Many guys in their 60’s also approach me, I politely tell them that although they seem to be great guys, I don’t see the point in dating guys that are older as women live on average 6 yrs longer than men. Some men are understanding others get offended.
I’m learning to just enjoy the experience of dating younger men & see where that takes me!
Love your work… Rosanne xox
Amy Waterman says
Hi, Rosanne! You are so right. I’ve also seen that men in their 50s seem to gravitate towards younger women (often claiming no one would ever guess their age). But it goes both ways. There’s no rule preventing us from doing the same thing.
I was very interested in your comment, “With me everything was looked after he felt no desire to step up.” I think that sense of “being looked after” plays a part in any relationship where there’s a large gap in experience and maturity. It’s comforting being in a relationship with someone you can trust to know more than you do. But at some point that becomes limiting, especially if the younger party is a man. I wonder what you think the solution might be?
Hi Amy, yes, maybe every decade has it’s own dynamic, and it presents differently for both men & women? I can tell now from profiles of guys in their 50’s the ones that are desperately trying to hold onto their youthfullness or attract younger women. I see comments like… ‘I know it says 53, not sure how that happened, I feel so full of energy” or “I’m young at heart & I’m out on my jetski or riding my bike every weekend”. Possibly their ability to attract a younger woman is what makes them feel like winners in the world?
Mind you it definitely is a boost to your ego when younger men approach you. I don’t ever approach younger men, they always need to make the 1st move & then I take it from there. I have no idea what their thinking is around dating older women so I leave it to them to approach me. It would be amazing if older guys had the same approach. I wonder what guys in their 60’s would say about dating older women? A couple of guys have said to me that they believe that the libido of older women diminishes with age?
With my husband who was 24 years younger than me, I thought that his youth & my experience would make a good combination. I think that with the right personality types that it could work. Our situation was more complicated because my husband was African & he migrated to Australia to be with me. So not only a new relationship, but a different cultural experience for him. We had known each other for 3 years prior to getting married & I did spend in total about 4 months in Africa over those 3 years, and we were married for 4 years.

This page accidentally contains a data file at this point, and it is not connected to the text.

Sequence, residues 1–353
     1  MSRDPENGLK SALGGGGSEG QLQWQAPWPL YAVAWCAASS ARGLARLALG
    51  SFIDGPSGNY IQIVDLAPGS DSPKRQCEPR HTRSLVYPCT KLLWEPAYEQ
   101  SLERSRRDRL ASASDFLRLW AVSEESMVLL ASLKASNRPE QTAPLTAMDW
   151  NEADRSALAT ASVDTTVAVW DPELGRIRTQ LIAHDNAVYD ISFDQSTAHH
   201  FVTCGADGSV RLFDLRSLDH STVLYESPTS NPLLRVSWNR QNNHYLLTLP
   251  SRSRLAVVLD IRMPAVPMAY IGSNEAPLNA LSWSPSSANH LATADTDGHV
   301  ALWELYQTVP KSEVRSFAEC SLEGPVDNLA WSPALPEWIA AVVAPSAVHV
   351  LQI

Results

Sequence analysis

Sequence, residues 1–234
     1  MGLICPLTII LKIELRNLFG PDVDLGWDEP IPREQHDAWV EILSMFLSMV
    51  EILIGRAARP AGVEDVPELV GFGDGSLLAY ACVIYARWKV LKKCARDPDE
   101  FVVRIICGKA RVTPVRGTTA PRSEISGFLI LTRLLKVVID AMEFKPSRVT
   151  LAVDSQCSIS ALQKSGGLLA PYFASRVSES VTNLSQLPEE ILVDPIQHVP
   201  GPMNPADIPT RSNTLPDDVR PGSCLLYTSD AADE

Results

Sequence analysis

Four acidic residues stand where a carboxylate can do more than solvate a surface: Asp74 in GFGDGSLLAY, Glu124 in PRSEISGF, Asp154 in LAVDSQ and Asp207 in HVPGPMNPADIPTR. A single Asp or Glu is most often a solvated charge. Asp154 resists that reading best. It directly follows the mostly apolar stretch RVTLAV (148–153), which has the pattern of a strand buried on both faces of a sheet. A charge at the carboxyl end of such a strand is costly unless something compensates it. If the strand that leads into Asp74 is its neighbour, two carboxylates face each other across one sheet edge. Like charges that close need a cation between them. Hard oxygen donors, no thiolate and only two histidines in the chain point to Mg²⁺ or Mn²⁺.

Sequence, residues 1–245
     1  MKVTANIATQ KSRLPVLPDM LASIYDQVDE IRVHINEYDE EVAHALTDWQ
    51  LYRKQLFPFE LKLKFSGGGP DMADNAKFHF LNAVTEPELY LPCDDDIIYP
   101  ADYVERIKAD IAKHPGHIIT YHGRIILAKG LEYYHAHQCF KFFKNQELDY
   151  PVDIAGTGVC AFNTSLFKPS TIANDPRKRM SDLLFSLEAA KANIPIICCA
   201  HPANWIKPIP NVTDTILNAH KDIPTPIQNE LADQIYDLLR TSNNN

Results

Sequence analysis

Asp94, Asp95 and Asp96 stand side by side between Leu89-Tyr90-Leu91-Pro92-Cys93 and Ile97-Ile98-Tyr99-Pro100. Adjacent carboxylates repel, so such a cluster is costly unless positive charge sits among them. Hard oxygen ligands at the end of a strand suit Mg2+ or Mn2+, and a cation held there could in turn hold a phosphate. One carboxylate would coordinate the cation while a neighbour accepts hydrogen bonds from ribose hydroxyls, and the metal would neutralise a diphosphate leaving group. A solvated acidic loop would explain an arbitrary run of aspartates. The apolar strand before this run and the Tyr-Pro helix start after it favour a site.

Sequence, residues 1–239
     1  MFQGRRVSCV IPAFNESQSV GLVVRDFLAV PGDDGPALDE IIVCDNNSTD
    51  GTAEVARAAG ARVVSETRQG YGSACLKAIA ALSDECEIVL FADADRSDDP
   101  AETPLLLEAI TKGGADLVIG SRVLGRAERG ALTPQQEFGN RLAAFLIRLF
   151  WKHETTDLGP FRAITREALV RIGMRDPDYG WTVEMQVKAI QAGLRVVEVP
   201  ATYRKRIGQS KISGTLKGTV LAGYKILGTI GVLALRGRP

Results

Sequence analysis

It was definitely very comforting for him being in a relationship with someone he could trust & someone that would ensure that all was looked after. At the start this was necessary for me to do as the country, the culture was all new to him, but I think that set the tone for the relationship. In many ways making it difficult for him to step. I tried to give him space to enable him to do that but he chose not to & then I realized that he just didn’t know how & that him being with me would never allow him to experience the challenges he needed to face to become the man he needed to become.
Many guys in their 40’s love my insights & life experience but I find that they also have life experiences to draw on so I learn so much from them, but I do deliberatly set out to do that. For me dating is a journey of discovery, not only about myself but the guys that I date. It’s such a shame that so many men & women get so frustrated & dissilusioned with the process.
Each date is another opportunity to learn, discover, refine! No matter how much we desperately want that destination, I think that it’s always going to be a never ending journey of self & other discovery, even if you are in the ‘perfect for you relationship’… so may as well find a way to get ‘ok’ with that sooner rather than later…. to make your life’s journey so much more enjoyable & meaningful!
So I don’t think that it necessarily needs to become limiting as long as the younger person in the relationship has had enough life experience to understand the dynamic of the relationship. Then both can grow together as they journey through life. If the partner is too young then I can’t see how it could ever progress out of the ‘mothering’ or ‘fathering’ that the older partner needs to provide.
Sue Ashby says
I am a 49 female dating a 24 man. He is exciting and full of life. I am so glad someone has written an article that us as older women should not be ashamed to date younger. I may be an old female in a room, but I can turn heads of males of any age because i walk with confidence and dress sexy.
Amy Waterman says
I love that! You hit the nail on the head: “Older women should not be ashamed to date younger.” How do men have the right to shame us for dating younger when they do it themselves? Why is it newsworthy when people find an older woman (e.g., Helen Mirren, Maye Musk) but not when people find an older man attractive? There’s definitely a power imbalance there.